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Down by Law

MOVIE REVIEW
Dredd 3D (2012)

Dredd-3d-movie-review-karl-urban-olivia-thirlby
Joe Alblas/Lionsgate

Judge Dredd, Britain's lawman for all seasons — his passport stamped as Robocop's cousin for American purposes while actually being as site-specific as the early works of Johnny Rotten — rides again. And does so in a film stripped down to the bone, all froth removed jointly by author and budget until there's nothing left but sinew and gristle, globs of which then splash across the screen. Arriving just as the doors shut on Christopher Nolan's "Dark Knight" odyssey and its many tons of polished microengineering, "Dredd 3D" turns the dial back to a point nearer John Carpenter and Richard Stanley, to films set 20 minutes into the future, where the neon doesn't work and the daylight doesn't penetrate, and around the corner someone with an overdraft waits to separate you from your head.

The credits say "Dredd" is directed by Pete Travis and scripted/produced by Alex Garland, but the arrangement looks a lot like the one between Tobe Hooper and Steven Spielberg on "Poltergeist." The style and mood on display seem squarely Mr. Garland's, and "Dredd" has the same feel of an unhurried and un-American activity as "Sunshine" and "28 Days Later," along with the same knack for getting under the skin of characters coming to the boil. The contrast with the 1995 "Judge Dredd" hardly needs to be spelled out, although that film was a product of its time as surely as this one is. (And turned a profit on a bigger budget than this, marshaled by a man then much younger than the makers of this one and who presumably has a percentage stake in the "CSI" franchise. Danny Cannon probably sleeps soundly enough.)

Comparisons with "The Raid: Redemption" aren't very relevant either. Yes, "Dredd" finds Judges Dredd (Karl Urban) and Anderson (Olivia Thirlby) fighting their way up and down a sealed tower block full of heavies. But martial-arts films deal in balletic excesses of the human body as a route into the characters, and the circus showmanship of the splatter — this is not that. This character was always about two things: the iconic tradition of the antihero cop with questionable methods and a society where the screws have come loose thanks to six inches of radioactive dust. "Dredd" nails both of these as fairly and squarely as a film dealing in low-budget claustrophobia reasonably could have managed.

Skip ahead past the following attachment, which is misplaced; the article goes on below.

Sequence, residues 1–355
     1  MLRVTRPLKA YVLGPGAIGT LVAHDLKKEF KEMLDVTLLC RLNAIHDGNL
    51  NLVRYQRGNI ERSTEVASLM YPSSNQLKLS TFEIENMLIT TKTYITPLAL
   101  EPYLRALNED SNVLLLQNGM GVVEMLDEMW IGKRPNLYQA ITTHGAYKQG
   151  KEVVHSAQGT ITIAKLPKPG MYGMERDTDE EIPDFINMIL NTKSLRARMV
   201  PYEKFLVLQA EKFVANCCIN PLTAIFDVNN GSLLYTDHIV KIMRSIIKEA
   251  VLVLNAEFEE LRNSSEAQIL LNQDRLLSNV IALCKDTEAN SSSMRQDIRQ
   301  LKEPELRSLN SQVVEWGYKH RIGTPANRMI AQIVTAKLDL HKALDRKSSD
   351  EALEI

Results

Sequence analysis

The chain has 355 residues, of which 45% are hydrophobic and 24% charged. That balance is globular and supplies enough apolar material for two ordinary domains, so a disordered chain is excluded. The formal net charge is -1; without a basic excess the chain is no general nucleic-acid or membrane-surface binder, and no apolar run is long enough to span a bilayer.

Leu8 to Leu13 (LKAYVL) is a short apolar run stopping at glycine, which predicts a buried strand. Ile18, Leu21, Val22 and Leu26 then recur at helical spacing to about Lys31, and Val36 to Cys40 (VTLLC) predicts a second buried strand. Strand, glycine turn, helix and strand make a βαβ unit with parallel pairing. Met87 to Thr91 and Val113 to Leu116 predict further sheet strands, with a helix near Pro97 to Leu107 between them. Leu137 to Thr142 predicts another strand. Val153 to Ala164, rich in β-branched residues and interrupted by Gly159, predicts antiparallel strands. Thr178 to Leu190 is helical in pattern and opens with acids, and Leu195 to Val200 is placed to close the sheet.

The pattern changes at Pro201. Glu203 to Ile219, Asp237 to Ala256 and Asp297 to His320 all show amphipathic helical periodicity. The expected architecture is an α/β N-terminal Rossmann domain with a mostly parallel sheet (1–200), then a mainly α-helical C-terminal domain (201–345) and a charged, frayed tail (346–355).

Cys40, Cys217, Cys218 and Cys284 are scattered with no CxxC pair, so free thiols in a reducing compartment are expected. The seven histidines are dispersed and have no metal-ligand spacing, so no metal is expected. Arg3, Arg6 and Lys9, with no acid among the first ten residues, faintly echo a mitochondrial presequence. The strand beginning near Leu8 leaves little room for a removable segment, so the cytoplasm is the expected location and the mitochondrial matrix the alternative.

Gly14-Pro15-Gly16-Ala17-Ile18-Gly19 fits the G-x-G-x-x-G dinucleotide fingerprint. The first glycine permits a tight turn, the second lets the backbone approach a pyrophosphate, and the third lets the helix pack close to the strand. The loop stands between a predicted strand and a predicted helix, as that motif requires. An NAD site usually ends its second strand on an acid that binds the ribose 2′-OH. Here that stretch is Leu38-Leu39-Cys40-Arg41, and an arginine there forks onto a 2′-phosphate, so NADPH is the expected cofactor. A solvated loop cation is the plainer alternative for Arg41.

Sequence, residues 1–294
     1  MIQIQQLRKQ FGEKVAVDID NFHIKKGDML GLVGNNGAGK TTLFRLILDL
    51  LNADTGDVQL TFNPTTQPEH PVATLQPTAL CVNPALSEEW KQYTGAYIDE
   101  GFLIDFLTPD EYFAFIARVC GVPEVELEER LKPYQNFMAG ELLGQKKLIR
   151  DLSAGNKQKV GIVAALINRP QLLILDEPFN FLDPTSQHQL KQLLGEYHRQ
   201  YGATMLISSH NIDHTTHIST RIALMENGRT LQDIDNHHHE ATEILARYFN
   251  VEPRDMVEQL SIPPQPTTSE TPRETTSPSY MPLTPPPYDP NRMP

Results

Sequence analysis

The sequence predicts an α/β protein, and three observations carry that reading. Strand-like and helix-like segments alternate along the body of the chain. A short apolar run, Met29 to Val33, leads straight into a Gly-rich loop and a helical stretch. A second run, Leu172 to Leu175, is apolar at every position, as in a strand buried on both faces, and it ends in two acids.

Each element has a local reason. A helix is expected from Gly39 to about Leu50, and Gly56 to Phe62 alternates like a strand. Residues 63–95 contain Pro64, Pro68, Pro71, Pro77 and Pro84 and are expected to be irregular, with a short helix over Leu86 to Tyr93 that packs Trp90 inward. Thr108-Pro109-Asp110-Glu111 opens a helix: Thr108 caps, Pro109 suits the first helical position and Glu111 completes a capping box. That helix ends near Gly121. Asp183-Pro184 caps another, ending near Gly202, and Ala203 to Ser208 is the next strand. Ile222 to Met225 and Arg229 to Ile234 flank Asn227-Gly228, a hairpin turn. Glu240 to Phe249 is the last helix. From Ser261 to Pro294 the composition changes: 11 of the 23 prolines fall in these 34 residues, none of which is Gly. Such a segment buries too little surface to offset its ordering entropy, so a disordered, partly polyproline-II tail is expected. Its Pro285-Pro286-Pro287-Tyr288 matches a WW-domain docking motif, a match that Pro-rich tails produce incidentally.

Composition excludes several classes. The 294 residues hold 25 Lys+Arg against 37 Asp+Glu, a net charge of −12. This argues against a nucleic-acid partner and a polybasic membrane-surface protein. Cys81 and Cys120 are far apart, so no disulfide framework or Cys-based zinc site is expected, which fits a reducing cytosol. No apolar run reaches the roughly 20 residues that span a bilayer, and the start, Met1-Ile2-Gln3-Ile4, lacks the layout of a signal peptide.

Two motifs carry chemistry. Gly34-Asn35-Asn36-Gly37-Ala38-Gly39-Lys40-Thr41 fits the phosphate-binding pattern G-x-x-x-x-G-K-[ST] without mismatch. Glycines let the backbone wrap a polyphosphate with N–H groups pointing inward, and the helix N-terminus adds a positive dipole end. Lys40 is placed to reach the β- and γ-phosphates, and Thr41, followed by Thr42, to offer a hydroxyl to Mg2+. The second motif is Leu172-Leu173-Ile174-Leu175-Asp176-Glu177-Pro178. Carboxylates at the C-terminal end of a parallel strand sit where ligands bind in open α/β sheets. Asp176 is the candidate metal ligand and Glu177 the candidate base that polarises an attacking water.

It certainly feels like exactly the film Mr. Garland intended. A sign of this comes once a whole group of judges are in play and none of them remove their helmets or pander to easy viewer identification while blazing away at each other. Presumably any script notes about all that went directly into the bin. Shot by no less a genius than Anthony Dod Mantle and making inventive use of its 3-D, right up to what looks a lot like some artificial 3-D grain, "Dredd" has its share of luminous slow-motion ultraviolence but also a fine grubby atmosphere for Mr. Urban and Ms. Thirlby to navigate.

Both those actors are perfectly fine. Both have the shared misfortune to be up against Lena Headey. There exists a cabal of like-minded individuals who believe that Ms. Headey should be in everything; that she is our best hope for a clean break from the tendency of stage-school molded, introverted and excessively British British actors to crop up in American genre films and then look uncomfortable. There are some fine exceptions to be sure, but Ms. Headey is simply the opposite: a screen performer to the core in the more extrovert American tradition, who grabs "Dredd" by the throat and a few areas lower down. She turns drug lord Ma-Ma into a sullen queen cobra — scars courtesy of the makeup department, most tattoos the model's own. Ms. Headey's baleful gaze dominates everything; surrounded by an endless parade of large scowling actors several inches taller than herself, she dwarfs them all from below. At one point she directed that gaze directly toward the viewer for a flashback while covered in blood, and chewed through the fourth wall for good measure.

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